As far as I understand from Approaching the chasm at depth four paper, the conjecture 26 is the most relevant and this is the only one that is useful to separate VNP and VP. Pretty much other information does not show anything to the separation. Then why is the paper Wigderson’s fav? The main difficulty is carpetted as conj 26 and beautifully framed as a paper. The other paper(Arithmetic circuits: A chasm at depth three
    ) is somewhat interesting. Still the difficulty is carpetted under conj 26.

  8. John Sidles permalink
    December 23, 2013 8:08 pm

    Dear Dick and Ken

    Thank you for sustaining one of the mathematical world’s *great* weblogs, and thank you especially having the chutzpah to nominate Colin McLarty’s What does it take to prove Fermat’s Last Theorem? Grothendieck and the logic of number theory as a candidate for “What Is Best Result Of The Year?”

    Why is chutzpah needed? Two reasons.

    First, fans of Sidney Redner’s article Citations for 100 Years of Physical Review know one answer: history shows plainly that it’s mighty hard (pretty much impossible in fact) to identify seminal articles in their initial year of publication.

    The second reason is McLarty’s solid-gold credentials as a no-fooling philosopher:

    Colin McLarty … is Truman P. Handy Professor of Philosophy and the Chair of the Philosophy Department at Case Western Reserve University

    McLarty’s article exemplifies an accelerating trend of trans-disciplinary boundary-blurring that is — beneficially as it seems to me — transforming and unifying the entire STEM enterprise (including even engineering seminars).

    To see this trend in action, just read the “Foreword” and/or “Preface” to pretty much any well-respected book by any well-respected philosopher / mathematician / scientist / engineer. You will find that nowadays it’s increasingly difficult to guess the author’s profession from the preface.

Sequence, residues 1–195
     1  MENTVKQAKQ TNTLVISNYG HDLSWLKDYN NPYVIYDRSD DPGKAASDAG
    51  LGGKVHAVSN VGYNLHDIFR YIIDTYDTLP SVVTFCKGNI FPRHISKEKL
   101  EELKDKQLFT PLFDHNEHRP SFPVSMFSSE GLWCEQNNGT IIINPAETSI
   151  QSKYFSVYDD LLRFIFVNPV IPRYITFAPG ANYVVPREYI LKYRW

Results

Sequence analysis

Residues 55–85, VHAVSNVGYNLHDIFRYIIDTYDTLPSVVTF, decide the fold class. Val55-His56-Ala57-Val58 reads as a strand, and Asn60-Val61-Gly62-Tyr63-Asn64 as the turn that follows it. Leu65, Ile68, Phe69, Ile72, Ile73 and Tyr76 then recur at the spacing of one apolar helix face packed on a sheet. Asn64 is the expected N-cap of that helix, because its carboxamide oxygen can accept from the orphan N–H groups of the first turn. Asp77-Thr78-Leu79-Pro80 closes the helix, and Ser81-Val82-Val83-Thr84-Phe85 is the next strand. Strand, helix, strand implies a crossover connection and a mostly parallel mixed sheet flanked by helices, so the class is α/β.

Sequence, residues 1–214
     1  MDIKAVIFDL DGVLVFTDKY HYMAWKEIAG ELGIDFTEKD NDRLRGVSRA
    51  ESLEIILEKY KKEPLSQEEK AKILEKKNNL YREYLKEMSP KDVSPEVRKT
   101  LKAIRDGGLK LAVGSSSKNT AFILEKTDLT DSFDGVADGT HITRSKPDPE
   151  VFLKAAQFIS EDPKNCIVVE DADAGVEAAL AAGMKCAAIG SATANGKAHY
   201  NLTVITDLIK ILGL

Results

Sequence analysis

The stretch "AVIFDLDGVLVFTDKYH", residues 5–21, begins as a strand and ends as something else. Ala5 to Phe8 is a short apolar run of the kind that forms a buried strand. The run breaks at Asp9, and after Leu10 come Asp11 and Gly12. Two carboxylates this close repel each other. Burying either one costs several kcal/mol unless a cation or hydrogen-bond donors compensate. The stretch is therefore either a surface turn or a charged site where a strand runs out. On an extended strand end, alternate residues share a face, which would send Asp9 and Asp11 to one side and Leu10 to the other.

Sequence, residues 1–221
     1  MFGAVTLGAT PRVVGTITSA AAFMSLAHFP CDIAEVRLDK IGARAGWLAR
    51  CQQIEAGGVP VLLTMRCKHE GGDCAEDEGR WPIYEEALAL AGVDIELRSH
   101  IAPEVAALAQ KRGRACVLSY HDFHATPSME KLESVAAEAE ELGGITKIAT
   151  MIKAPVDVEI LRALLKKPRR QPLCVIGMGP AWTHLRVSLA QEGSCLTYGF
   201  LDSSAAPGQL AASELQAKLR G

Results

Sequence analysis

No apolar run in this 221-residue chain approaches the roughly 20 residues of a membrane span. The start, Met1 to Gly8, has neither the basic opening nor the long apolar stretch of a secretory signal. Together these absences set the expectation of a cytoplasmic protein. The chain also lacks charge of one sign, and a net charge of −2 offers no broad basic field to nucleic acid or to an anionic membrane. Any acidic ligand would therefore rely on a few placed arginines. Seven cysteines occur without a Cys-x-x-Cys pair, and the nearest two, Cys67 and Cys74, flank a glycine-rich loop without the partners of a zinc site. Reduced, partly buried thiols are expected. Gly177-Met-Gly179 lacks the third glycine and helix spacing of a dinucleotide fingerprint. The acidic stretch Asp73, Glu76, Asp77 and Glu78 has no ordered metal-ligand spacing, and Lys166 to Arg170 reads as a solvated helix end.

In honor of which, here is a quiz for Gödel’s Lost Letter and P=NP readers. Try to guess the profession — philosopher, mathematician, scientists, or engineer — that is associated to this Preface:

    “As a graduate student working in [redacted] I encountered deep irritation caused by the work I was doing, something quite fundamental that I did not understand.

    Certain elementary notions that are accepted as starting points for work in [redacted] somehow had no fundamental foundation, no verifiable root. My inclination was to mine [redacted] vertically, and here was a subject whose tunnels were dug horizontally.

    I now appreciate more clearly where my question was headed: Yes it does head downward, and it goes very deep. What is less clear is that there is a path in that direction understood by anyone very well.

    Here one must face those notorious issues of interpretation that stimulate much confusion and contention but few definite answers.

    Hint: the (sole!) author of this textbook is the person who invented the one-word answer to the crossword-puzzle clue “process associated to BOSONSAMPLING mysteries”

        “_ n _ _ v _ _ _ i _ _”

    British spelling please.

    Bonus Question: Name the profession (different book, different profession, and no fair Googling!)

    We have been particularly anxious to introduce the pioneers to whom we owe so much, and from whom we can still draw useful inspiration. They were human beings not so different from ourselves, and perhaps some of our readers will be inspired to make similar contributions.

    However, it is always the youngest generation of professionals who see the future most clearly and who must build on their imperfect inheritance.

    Each new book depends for its success on many more individuals than those whose names appear on the title page. The most obvious debt is certainly to the hard-working and gifted students who have collectively taught us much more than we have taught them.

    Best Wishes for Happy Holidays and productive boundary-blurring are extended to all Gödel’s Lost Letter and P=NP readers and their families!

    • John Sidles permalink
      December 24, 2013 6:30 am

      PS  It turns out that Sidney Redner’s survey is available on the arxiv server as “Citation Statistics from 110 Years of Physical Review” (arXiv:physics/0506056 [physics.soc-ph]). No, it’s not easy (in physics, or presumably any STEM field) to recognize “best results” in the same year that they appear.